The EC (or Ankerslot Inline) is a magnetic lock made by MIWA. It uses up to fourteen magnetic tumblers arranged in two rows of seven on each side of the keyway. The EC is one of the few locks with no visible locking components in the keyway.
The EC has since been superceded by the MIWA 3800.
Principles of operation
The EC uses up to fourteen magnetic tumblers arranged in two rows of seven at 3 and 9 o'clock in the plug. The plug has bores on each side that do not extend into the keyway. Each tumbler is spring-biased toward a plug bore and a magnetic component in the key repels each tumbler to the shear line. Tumblers themselves are magnetic rods surrounded by a metal sleeve. Each tumbler has the opposite polarity of the corresponding key magnet and is spooled to resist manipulation.
The key itself resembles a non-symmetric dimple key with magnetic inserts on the thin side of the blade. Along the blade of the key is a dimple used to hold a ball bearing that retains the key in the lock when the plug is rotated. Unlike traditional locks, the EC offers no direct access to locking components through the keyway. The only moving part in the keyway is the ball bearing.
In practice, the EC rarely uses all fourteen chambers. Instead, master keying is provided by chambers that are left empty, with "dummy" wafers inserted into those positions on the key. In total, the EC offers 16,384 (214) theoretical key differs. The number of working keys for a given EC is 2n, where n is the number of empty chambers. Extra ball bearing dimples can be used for additional master keying capability.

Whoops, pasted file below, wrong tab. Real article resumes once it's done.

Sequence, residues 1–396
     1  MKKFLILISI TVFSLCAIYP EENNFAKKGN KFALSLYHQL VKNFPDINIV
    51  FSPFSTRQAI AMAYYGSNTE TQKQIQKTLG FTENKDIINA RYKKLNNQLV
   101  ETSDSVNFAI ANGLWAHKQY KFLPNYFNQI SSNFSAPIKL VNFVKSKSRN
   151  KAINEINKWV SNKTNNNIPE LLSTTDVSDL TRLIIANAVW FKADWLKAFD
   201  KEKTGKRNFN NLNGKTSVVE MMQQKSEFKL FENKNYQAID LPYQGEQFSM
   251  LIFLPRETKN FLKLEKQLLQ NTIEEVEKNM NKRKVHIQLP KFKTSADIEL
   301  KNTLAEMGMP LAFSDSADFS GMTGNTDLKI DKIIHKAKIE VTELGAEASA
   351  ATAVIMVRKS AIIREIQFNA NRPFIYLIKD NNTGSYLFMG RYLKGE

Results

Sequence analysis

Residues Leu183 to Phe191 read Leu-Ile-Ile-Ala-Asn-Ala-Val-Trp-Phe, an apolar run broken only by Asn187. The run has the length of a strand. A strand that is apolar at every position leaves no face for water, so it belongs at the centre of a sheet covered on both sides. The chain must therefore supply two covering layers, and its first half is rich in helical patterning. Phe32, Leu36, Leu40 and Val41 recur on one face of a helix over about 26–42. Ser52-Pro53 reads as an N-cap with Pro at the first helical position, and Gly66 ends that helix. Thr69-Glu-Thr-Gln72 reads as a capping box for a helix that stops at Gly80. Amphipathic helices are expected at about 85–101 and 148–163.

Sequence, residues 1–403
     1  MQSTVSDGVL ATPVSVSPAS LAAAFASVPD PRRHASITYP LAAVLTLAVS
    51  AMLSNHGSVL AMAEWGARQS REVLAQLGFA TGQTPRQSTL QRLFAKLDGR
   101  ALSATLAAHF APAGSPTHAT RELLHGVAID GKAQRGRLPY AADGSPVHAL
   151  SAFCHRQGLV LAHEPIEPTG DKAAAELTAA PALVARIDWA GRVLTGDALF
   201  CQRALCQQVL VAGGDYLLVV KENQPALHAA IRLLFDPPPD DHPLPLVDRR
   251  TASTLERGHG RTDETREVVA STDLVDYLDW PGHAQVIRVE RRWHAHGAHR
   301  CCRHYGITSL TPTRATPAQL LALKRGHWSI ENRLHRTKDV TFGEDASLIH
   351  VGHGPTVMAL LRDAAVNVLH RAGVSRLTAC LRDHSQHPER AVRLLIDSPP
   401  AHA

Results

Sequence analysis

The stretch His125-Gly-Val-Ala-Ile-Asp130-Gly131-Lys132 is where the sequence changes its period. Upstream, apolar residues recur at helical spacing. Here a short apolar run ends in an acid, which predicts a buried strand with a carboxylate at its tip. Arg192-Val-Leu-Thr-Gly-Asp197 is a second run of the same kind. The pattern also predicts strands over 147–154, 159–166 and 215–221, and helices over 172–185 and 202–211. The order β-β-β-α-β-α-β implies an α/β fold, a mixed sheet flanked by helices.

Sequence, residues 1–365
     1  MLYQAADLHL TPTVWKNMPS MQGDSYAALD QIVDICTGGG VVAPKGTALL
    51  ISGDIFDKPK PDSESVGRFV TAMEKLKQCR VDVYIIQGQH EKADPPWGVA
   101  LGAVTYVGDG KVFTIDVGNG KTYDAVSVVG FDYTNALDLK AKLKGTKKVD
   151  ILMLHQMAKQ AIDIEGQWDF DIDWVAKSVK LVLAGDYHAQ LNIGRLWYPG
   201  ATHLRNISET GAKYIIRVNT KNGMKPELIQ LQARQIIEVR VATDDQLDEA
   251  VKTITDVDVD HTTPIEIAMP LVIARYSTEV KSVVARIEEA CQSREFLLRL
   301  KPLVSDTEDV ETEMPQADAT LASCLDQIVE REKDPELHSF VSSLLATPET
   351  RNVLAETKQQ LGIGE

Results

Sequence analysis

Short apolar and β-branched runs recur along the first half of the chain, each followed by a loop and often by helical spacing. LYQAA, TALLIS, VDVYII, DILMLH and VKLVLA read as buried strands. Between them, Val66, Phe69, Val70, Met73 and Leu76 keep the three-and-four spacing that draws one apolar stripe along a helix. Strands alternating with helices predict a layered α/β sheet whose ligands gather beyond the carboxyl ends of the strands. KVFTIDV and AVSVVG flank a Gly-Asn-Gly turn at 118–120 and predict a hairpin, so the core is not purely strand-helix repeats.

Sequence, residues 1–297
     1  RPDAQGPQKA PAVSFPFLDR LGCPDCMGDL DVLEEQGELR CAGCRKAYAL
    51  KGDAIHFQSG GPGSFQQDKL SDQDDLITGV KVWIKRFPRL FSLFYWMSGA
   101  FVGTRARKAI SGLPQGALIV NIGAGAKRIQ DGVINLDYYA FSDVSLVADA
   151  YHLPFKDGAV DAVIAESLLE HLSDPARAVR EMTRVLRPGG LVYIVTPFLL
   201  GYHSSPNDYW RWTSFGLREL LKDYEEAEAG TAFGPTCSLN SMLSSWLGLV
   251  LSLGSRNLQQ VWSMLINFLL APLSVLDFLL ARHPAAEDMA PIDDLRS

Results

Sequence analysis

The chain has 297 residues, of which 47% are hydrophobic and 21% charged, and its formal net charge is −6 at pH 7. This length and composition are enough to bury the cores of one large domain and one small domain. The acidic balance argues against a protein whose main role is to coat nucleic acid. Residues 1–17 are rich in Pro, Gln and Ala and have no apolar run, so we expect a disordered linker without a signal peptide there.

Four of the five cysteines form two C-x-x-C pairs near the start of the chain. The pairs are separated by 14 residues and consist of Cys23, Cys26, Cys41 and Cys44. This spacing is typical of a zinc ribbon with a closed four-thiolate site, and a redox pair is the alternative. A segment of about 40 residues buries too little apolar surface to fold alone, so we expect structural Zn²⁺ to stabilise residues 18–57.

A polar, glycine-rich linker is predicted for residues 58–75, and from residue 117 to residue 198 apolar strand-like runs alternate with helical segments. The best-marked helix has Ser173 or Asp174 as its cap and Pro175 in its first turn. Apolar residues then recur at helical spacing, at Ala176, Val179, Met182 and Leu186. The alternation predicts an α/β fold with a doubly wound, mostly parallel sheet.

The EC is moderately difficult to disassemble because there is no direct way to remove the magnetic tumblers without a working key. The plug must be rotated before it is removed from the cylinder. Failure to do so causes tumblers to block the shear line because the key magnets will line up with the wrong tumblers, pulling them back into the plug bores.
- Remove the cam or C-clip.
- Insert the correct key and turn the plug 45° clockwise.
- Remove the pin trays from the back of the lock. Be careful to not lose any pins or springs when removing the trays.
- Remove the plug from the lock.
- The cylinder can be rapped open if it can be removed from its mounting. This is particularly useful for forensic investigators.
The EC may be vulnerable to one or more of the following:
- A magnetic decoding probe was patented in 1979 to defeat the EC, describe in US 4,229,959.
- ↑ PULFORD, Graham (2007). High Security Mechanical Locks: An Encyclopedic Reference. ISBN 0750684372.